- Thailand has been denying reports that mystery die off
of poultry is bird flu.
- The human suspected cases would seem to confirm the virus
- Patricia Doyle
- Thailand - 2 Children Are Suspected Avian
- By Kate Walker
- La Bugue, France (UPI) -- Thai health authorities have
announced 2 suspected cases of avian-influenza infection in a pair of sisters
hospitalized earlier this week, local media has reported. The sisters,
from the northern province of Phichit, were hospitalized after displaying
symptoms similar to those seen in bird flu sufferers, local health authorities
told the Thai media.
- Local test results from the 2 sisters, who are 3 and
4 years old, are expected to be returned by Thu 27 Jul 2006, before which
time no firm diagnosis can be made. Once the local test results have been
returned, however, they must be confirmed by an official World Health Organization
laboratory before an official statement regarding new human cases can be
- The girls were initially sent to Ta Pan Hin District
Hospital after developing flu-like symptoms, including respiratory difficulties
above those associated with seasonal influenza, shortly after a number
of local birds died of unknown causes. They were then moved to Phichit
Provincial Hospital for additional care, where they have been placed under
quarantine and their symptoms monitored for signs of deterioration.
- Also in Thailand, health authorities across the country
are preparing themselves for a possible resurgence in avian influenza infections
as a result of the imminent monsoon season.
- The health authorities have placed 3 provinces -- western
Suphan Buri and Kanchanaburi, and Nakhon Pathom, near Bangkok -- on special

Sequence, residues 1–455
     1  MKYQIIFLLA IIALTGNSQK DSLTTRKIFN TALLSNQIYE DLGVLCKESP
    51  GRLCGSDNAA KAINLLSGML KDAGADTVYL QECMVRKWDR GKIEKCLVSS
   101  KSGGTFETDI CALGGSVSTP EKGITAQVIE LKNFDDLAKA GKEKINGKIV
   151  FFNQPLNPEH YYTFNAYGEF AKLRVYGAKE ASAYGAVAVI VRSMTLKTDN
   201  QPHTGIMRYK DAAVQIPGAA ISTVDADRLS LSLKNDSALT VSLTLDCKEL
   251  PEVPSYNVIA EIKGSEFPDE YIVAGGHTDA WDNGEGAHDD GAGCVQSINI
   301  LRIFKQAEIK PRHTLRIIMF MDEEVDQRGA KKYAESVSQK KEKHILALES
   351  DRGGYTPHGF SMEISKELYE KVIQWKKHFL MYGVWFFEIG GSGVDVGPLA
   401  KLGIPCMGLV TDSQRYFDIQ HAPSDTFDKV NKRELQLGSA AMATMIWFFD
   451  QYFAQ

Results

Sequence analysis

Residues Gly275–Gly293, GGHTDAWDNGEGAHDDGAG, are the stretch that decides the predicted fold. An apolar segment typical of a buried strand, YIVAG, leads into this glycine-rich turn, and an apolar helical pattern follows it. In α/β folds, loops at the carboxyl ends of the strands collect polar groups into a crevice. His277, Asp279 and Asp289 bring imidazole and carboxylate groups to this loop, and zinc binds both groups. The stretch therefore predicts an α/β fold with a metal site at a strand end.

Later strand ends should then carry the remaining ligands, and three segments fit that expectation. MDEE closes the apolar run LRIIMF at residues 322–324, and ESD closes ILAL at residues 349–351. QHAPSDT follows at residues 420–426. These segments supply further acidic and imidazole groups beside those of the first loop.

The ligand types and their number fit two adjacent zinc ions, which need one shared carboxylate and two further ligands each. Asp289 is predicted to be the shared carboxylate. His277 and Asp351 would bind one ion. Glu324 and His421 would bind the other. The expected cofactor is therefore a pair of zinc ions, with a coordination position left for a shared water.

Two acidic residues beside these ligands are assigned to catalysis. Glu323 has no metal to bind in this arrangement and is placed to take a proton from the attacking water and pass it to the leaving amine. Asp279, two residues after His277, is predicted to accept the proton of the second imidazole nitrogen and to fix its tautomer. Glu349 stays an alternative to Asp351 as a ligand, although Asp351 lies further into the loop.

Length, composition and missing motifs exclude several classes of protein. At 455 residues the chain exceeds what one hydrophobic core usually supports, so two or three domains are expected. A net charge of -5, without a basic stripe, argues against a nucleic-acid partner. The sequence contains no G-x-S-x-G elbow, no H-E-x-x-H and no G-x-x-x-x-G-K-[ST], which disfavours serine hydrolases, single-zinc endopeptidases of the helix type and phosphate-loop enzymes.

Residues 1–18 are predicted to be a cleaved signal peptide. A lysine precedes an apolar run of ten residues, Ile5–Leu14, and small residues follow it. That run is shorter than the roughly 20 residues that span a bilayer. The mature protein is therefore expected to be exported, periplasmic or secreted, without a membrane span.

alert, as all have suffered outbreaks within the past 2 years. The northern
provinces of Uttaradit, Sukhothai, Phitsanulok and Phichit have also been
designated as worthy of special monitoring.
- It has been more than 6 months since Thailand saw a human
death from avian influenza, and prior to the current suspected infections
in Phichit, it was believed the Southeast Asian country's bird-flu surveillance
program was one of the most effective in the region.
- Thailand - 3 More Suspected Bird-Flu Cases
- The Nation
- 3 more people with suspected bird-flu have been reported
in Phichit, one of the provinces listed by the government as an avian-flu
"red zone." Two of the patients were men aged 59 and 86, and
the other was a boy aged 7. All 3 had reportedly been in contact with dead
chickens and were being treated in an isolation ward at Phichit Hospital.
Pending the results of laboratory tests for evidence of the bird-flu virus,
doctors said the 3 patients were not allowed visitors.
- Livestock officers in the province were stepping up disinfection
of sites where irregular poultry deaths were reported. Hundreds of such
deaths have recently been reported in the province.
- Meanwhile, deputy chief health officer for Chiang Mai,
Surasing Wisarutarat, warned the public not to cook dead chickens, no matter
how they died. "The group we're most concerned about is immigrant
workers," he said. "They are most likely to opt for dead chickens
and risk contracting bird flu."
- Despite numerous reports of irregular poultry deaths
in many areas, particularly the North and Central provinces, the Department
of Livestock Development insists that no avian flu has been detected so
- Patricia A. Doyle DVM, PhD
- Bus Admin, Tropical Agricultural Economics
- Univ of West Indies
- Please visit my "Emerging Diseases" message
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- Zhan le Devlesa tai sastimasa
- Go with God and in Good Health